According to the findings of the different methods in this study, the socio-demographic characteristics like the occupancy patterns, the habits of the occupants as well as the insufficient thermal envelope have a considerable influence on energy consumption, thermal comfort and energy performance of buildings, current results is also confirmed by Zahiri and Elsharkawy (2018) [15].

It can be seen that, despite the energy production offsets of the ordinary housing looks acceptable, the HEP housing profile is always remains the best in terms of energy efficiency (Figure 4).This reasoning is confirmed, if we proceed to a scenario of six months period (26 weeks) for 50 houses, the difference will be significant, worth of 27,422.5 DA (231.39 US $) as a difference. So, it is obvious that HEP housing consumes less compared to ordinary housing, this is perfectly clear over a long period.

Figure 4. Gas consumption volume (m3) In HEP &ordinary housing

Table 4. Global questions about the Gas appliances for HEP & Ordinary housing

Gas appliances

HEP housing

Ordinary housing

Water heater

Location

kitchen

kitchen

Capacity / Power

5L

5L

Make / Model

Junkers

Superflic

Gas stove, single burner gas

Location in (kitchen / loggia of kitchen / loggia of living room)

-

Loggia of kitchen

Cooker

60 cm

60 cm

60cm

90 cm

-

-

Gas stove for heating

Number

1

1

Make / Model

Condor

Free air

Power during the experiment

Max (5-6)

Max (6)

Location

Close to the front door

-

-

In the middle

X

X

At bottom of the house

-

-

Other

-

-

4.2.2 Electricity consumption

Electricity becomes an important increasingly energy source for the residential sector during the upcoming years. The electricity share of the world residential energy consumption grows from 39 % in 2012 to 43 % in 2040, and by 2025 electricity surpasses natural gas as the leading source of residential delivered energy [3].

During the period January 12-18, 2018, the HEP housing had an electricity consumption of about 40Kwh, (for 4.2002 DA/Kwh), with a total of 168.01 DA as electricity consumption. During the same period, the ordinary housing consumed 54Kwh (+35 %), with a total of 226.81DA consumption. A difference of 35 % is recorded between the two typologies (+58.8DA), while, if we proceed to a scenario of a one year period (52 weeks) for 50 housings, the difference will be significant and the gap will be 152880DA (US$1290) (Figure 5/Table 2/5).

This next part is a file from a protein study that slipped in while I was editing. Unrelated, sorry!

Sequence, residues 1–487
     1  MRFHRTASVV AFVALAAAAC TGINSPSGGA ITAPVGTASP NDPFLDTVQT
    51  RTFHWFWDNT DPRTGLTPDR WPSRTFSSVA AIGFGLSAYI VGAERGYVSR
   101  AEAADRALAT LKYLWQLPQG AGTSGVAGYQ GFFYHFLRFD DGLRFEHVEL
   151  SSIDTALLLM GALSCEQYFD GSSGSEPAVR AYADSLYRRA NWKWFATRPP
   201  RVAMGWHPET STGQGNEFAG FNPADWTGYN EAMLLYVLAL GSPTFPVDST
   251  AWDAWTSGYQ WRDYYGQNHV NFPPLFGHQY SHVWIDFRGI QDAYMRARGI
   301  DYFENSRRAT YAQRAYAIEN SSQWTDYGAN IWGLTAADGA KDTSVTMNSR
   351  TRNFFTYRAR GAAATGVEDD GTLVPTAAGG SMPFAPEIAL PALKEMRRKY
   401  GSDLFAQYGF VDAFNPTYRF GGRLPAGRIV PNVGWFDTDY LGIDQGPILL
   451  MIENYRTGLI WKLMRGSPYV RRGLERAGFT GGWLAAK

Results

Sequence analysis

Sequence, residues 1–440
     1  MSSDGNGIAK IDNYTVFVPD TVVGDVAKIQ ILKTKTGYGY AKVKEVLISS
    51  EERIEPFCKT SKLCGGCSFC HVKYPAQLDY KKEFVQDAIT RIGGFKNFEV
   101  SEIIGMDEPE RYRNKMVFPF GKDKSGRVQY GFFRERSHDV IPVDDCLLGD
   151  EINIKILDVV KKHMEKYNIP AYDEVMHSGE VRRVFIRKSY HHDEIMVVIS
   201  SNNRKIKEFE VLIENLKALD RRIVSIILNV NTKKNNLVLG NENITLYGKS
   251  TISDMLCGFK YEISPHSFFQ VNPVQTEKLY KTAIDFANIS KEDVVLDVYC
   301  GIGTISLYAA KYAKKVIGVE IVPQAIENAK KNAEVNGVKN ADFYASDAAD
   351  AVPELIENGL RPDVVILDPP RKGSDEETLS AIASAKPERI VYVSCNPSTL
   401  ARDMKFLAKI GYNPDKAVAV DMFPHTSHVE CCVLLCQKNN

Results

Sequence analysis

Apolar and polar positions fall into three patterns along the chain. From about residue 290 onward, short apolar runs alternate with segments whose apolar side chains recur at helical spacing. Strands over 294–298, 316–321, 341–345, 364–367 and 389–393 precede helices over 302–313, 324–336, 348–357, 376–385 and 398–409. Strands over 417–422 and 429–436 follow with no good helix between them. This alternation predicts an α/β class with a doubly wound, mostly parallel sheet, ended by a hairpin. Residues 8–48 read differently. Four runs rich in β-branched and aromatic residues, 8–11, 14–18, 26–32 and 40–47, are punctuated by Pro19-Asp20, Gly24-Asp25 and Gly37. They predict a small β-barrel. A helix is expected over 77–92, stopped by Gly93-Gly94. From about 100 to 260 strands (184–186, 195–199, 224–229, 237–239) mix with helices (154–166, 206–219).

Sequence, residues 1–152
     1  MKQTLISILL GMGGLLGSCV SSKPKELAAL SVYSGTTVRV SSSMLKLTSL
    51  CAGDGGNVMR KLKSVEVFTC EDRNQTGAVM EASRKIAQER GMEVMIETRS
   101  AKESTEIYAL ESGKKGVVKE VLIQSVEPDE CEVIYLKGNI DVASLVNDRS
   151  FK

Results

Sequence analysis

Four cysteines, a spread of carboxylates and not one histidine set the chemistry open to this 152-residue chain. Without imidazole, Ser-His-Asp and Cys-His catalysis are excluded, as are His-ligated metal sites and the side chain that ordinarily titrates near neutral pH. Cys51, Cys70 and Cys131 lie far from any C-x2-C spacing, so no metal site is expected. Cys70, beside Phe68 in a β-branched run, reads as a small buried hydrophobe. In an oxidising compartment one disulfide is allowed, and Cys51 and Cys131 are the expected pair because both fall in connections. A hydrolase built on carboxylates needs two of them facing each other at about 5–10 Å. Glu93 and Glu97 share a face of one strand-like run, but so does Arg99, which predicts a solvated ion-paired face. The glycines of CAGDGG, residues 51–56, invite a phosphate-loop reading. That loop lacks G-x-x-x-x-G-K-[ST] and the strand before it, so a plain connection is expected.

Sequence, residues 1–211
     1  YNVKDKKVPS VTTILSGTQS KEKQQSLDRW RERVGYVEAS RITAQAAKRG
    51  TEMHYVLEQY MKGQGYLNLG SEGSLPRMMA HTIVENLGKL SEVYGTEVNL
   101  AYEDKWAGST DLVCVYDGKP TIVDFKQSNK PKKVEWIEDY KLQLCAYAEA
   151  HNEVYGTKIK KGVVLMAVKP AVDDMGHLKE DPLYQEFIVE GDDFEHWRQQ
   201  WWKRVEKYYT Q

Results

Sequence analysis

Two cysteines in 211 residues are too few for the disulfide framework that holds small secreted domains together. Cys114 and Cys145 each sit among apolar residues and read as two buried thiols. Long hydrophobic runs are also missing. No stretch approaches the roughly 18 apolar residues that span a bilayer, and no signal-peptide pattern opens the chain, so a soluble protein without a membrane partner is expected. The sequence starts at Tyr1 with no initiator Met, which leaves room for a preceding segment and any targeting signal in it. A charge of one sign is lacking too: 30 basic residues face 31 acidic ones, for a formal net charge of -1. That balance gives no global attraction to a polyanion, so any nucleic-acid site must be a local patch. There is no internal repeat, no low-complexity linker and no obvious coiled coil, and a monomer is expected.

The difference of the electricity energy between the two housings; HEP and ordinary is considerable (+ 35 %). The ordinary housing exceeds is mainly due to the use of tungsten bulbs (75W), while in the HEP housing a sodium bulbs (26W) are used (Cf.table 2/5), the high consumption gap of electricity is related also to the socio-demographic characteristics of the occupants in addition to the building nature, as; the household size (+2 member), number of bedrooms (+1 room) and total floor area (+26.1m²).These parameters are further confirmed by several researches such as; Karatasou et al (2018) and Petidis et al. (2018) [16, 24] (Table 5).

Figure 5. Electricity consumption (kWh) for HEP & ordinary housing

Table 5. Electric bulbs and electrical outlets for HEP & Ordinary housing

 

HEP housing

ORDINARY housing

Spaces

Bulb number

Bulb types

Bulb Brand

Bulb power (W)

Number of electrical outlets

Bulb

number

Bulb types

Bulb Brand

Bulb power (W)

Number of electrical outlets

Living room

2

S

R

26

2

1

t

-

75

2

Parent's room

1

S

R

26

1

1

t

-

75

2

Boys room

1

S

R

26

1

1

t

-

75

2

Girls room

-

-

-

-

-

1

t

-

75

2

Corridor

2

S

R

26

-

1

t

-

75

-

Hall

-

-

-

-

-

1

t

-

75

-

Kitchen

1

N

-

30

2

1

N

-

75

2

Bathroom

2

T

-

75

1

2

t

-

75

2

N

-

30

n

-

30

Toilet

1

T

-

75

-

1

t

-

75

-

Kitchen Loggia

1

T

-

75

1

1

t

-

75

-

Loggia of living room

1

T

-

75

-

1

t

-

75

-

S: Economy sodium bulb, N: Neon Bulb, t: Tungsten Bulb, n: Neon Bulb for wall, R: Brand Bulb “RIOTO”

4.2.3 Energy consumption simulated

In the considered region, the outside temperature is variable and can reach a minimum value of 3.7 °C in the morning, where the maximum value is below 3 °C during the afternoon. This cold period is considered as an extreme compared to the Algerian territorial climate, while inside buildings there is a different behaviour. Based on figure 6, it is observed that the temperature variation in the two housing types behave in the same way with a non-important difference during the early morning and during the evening, while in the midday we notice a concordance visible between the two graphs.

Figure 6. Simulation of both temperatures (°C) inside & outside the housings types HEP & Ordinary in January, 15th [29, 34]

It is noted that the heating energy efficiency recorded in the ordinary housing exceeded the one of HEP housing. Current energy performance is justified according to the following points: